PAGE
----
After two months of heavy siege, pro-Qaddafi forces suddenly withdrew from the city of Misrata on Saturday, leaving the rebel leaders perplexed as to whether this was a victory, or part of an elaborate trap.
Misrata is the only major rebel stronghold in Western Libya, and has been the site of a heavy barrage on rebel forces. Saturday was one of the bloodiest days in weeks: at least 24 people were killed and 75 were wounded, a doctor at a Misrata hospital told the AP.
Things seemed to turn around on Saturday. Qaddafi's forces abandoned all but two buildings in Misrata, according to the New York Times. But although crowds poured into Victory Square in Misrata, and there was finally a sense of liberation in the embattled city, rebel leaders were deeply hesitant to consider this a victory.
“It’s a trick,” said Col. Ahmed Bani, chief spokesman for the rebel forces in Benghazi. “He’s playing deadly games. He can’t give up Misrata this easily. He knows that if Misrata falls in our hands, it opens the way for Tripoli to fall in our hands.”
Although captured government soldiers told rebel forces that they had been instructed to withdraw, Libya’s deputy foreign minister, Khalid Kaim, said that the military had not withdrawn from Misrata, but ceased operations in order to give tribal leaders a chance to negotiate a resolution to the siege.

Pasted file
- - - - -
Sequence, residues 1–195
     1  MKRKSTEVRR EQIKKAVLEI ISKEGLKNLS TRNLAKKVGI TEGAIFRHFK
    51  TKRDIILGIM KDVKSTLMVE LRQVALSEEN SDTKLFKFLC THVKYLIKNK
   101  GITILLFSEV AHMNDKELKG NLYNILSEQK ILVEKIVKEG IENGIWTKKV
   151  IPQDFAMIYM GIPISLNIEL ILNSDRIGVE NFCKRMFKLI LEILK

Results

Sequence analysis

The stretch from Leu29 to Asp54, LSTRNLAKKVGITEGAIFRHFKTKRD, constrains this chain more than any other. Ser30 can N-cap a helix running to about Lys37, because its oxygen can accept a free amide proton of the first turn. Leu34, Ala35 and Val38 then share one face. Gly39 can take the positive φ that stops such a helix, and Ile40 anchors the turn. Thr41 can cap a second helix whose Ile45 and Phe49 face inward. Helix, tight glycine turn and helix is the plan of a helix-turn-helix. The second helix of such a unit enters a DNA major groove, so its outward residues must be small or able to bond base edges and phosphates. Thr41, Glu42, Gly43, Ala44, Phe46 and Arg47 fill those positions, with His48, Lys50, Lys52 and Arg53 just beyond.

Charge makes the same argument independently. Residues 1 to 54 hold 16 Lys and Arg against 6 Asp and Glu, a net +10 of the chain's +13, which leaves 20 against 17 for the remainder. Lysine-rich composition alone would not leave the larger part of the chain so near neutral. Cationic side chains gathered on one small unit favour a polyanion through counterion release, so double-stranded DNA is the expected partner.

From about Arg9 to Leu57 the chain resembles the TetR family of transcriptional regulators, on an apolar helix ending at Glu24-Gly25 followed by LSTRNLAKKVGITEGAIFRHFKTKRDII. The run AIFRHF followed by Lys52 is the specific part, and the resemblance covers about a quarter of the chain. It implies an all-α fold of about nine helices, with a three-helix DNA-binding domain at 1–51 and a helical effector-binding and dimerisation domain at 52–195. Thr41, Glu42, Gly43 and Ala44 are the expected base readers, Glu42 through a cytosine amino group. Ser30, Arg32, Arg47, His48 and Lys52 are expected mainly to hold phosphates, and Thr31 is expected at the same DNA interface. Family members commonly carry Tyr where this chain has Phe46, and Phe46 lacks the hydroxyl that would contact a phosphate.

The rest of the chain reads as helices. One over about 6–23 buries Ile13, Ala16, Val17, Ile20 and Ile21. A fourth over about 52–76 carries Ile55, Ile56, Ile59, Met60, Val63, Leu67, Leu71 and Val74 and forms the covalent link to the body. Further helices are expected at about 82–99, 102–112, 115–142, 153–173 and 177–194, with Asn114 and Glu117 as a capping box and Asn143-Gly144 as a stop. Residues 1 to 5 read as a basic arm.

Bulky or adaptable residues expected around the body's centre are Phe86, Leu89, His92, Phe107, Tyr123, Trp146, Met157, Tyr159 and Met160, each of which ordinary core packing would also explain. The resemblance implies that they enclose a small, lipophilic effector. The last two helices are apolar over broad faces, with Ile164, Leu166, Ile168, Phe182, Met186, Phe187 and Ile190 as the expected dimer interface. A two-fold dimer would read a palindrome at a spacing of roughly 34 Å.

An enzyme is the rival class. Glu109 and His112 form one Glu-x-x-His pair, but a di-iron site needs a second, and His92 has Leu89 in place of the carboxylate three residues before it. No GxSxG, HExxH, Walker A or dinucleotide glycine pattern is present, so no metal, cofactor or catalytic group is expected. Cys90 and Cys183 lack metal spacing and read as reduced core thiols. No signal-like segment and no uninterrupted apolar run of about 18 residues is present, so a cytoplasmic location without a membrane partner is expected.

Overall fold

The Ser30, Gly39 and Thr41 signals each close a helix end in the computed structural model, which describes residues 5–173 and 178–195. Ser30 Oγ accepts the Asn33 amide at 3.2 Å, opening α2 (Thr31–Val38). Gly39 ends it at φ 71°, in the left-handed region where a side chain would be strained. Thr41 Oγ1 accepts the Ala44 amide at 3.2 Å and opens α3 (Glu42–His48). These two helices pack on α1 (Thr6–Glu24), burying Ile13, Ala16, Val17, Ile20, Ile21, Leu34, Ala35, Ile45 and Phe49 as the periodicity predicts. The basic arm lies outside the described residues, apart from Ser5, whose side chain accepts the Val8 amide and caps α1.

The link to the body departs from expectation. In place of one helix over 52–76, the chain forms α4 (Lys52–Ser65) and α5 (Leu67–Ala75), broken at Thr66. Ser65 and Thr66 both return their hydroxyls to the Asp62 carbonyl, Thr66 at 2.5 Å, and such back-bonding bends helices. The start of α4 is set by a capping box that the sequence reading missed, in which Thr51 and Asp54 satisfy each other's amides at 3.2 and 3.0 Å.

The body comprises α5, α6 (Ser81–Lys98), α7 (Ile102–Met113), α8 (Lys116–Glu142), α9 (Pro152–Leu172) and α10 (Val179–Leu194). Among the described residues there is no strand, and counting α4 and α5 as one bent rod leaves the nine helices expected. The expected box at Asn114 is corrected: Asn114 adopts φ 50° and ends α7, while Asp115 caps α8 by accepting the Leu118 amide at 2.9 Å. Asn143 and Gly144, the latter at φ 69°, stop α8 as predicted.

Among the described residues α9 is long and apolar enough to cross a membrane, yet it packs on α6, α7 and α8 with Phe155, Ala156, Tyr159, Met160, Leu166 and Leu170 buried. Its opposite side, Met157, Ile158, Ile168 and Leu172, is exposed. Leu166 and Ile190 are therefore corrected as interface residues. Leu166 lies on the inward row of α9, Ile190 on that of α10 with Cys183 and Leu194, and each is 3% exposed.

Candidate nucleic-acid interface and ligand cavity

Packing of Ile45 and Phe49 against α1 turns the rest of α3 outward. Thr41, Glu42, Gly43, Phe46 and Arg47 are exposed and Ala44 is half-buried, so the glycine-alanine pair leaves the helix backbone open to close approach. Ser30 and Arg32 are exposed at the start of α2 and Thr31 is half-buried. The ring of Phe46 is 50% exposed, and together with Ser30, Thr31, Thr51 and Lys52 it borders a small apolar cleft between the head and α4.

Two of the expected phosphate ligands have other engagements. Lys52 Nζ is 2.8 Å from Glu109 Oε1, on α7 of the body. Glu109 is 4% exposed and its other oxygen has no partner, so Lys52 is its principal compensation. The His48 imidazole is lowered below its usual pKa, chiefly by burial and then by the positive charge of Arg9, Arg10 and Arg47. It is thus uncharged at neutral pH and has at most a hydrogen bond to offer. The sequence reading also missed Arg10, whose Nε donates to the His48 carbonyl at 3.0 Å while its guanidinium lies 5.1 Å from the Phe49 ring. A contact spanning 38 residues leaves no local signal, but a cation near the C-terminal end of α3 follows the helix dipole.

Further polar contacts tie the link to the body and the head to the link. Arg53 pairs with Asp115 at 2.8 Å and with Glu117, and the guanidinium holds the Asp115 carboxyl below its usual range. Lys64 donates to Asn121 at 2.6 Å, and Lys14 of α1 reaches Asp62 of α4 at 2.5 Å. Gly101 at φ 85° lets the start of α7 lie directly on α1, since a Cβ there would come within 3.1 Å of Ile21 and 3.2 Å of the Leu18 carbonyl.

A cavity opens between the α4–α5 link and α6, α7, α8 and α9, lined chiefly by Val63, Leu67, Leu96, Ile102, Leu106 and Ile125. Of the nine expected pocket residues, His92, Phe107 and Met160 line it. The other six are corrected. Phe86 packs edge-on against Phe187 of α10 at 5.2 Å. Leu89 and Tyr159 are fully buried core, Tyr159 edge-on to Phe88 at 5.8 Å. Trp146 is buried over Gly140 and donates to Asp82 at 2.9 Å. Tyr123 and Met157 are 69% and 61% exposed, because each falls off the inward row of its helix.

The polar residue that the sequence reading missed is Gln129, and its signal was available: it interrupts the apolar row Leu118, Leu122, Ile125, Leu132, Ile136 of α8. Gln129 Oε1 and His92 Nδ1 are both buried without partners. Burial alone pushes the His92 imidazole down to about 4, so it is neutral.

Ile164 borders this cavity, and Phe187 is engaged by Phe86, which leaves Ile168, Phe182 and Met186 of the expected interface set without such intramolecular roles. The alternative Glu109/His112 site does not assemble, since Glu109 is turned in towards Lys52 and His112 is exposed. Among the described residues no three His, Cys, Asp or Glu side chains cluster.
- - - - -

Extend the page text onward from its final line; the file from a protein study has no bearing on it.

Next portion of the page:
“Qaddafi is trying to project the view they are leaving it to the tribes, which is a great concern to us,” said Jalil el-Gallal, a spokesman for the rebels’ Transitional National Council. “It is a familiar tactic that he has used for a long time, but I think people understand now that he wants to start a tribal war.”
Rebel leaders fear that if the government incites the tribal leaders to fight the rebels on its behalf, the attackers would evade NATO by blending in with civilians. Though the long siege at Misrata is broken at least for the moment, it may be merely the calm before the storm.